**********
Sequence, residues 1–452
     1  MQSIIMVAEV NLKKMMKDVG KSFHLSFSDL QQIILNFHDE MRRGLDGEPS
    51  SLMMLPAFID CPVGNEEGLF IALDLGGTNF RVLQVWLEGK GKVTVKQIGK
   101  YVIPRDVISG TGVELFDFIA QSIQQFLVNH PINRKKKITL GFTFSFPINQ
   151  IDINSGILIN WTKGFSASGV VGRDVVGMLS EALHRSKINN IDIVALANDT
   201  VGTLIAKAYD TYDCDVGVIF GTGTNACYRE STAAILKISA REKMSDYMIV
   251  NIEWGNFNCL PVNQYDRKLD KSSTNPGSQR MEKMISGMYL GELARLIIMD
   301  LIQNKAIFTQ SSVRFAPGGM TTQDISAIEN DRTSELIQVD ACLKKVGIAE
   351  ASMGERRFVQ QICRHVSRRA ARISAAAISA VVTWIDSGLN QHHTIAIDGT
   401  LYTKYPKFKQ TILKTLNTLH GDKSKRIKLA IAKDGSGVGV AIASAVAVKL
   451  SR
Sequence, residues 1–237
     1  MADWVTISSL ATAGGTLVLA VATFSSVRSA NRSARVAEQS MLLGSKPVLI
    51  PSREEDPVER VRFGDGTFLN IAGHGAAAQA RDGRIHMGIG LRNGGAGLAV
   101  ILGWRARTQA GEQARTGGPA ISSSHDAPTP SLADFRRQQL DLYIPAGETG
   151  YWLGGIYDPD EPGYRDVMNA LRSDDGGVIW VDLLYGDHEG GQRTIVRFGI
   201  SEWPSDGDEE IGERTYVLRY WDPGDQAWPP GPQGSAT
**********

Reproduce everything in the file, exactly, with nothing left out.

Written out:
Sequence, residues 1–452
     1  MQSIIMVAEV NLKKMMKDVG KSFHLSFSDL QQIILNFHDE MRRGLDGEPS
    51  SLMMLPAFID CPVGNEEGLF IALDLGGTNF RVLQVWLEGK GKVTVKQIGK
   101  YVIPRDVISG TGVELFDFIA QSIQQFLVNH PINRKKKITL GFTFSFPINQ
   151  IDINSGILIN WTKGFSASGV VGRDVVGMLS EALHRSKINN IDIVALANDT
   201  VGTLIAKAYD TYDCDVGVIF GTGTNACYRE STAAILKISA REKMSDYMIV
   251  NIEWGNFNCL PVNQYDRKLD KSSTNPGSQR MEKMISGMYL GELARLIIMD
   301  LIQNKAIFTQ SSVRFAPGGM TTQDISAIEN DRTSELIQVD ACLKKVGIAE
   351  ASMGERRFVQ QICRHVSRRA ARISAAAISA VVTWIDSGLN QHHTIAIDGT
   401  LYTKYPKFKQ TILKTLNTLH GDKSKRIKLA IAKDGSGVGV AIASAVAVKL
   451  SR
Sequence, residues 1–237
     1  MADWVTISSL ATAGGTLVLA VATFSSVRSA NRSARVAEQS MLLGSKPVLI
    51  PSREEDPVER VRFGDGTFLN IAGHGAAAQA RDGRIHMGIG LRNGGAGLAV
   101  ILGWRARTQA GEQARTGGPA ISSSHDAPTP SLADFRRQQL DLYIPAGETG
   151  YWLGGIYDPD EPGYRDVMNA LRSDDGGVIW VDLLYGDHEG GQRTIVRFGI
   201  SEWPSDGDEE IGERTYVLRY WDPGDQAWPP GPQGSAT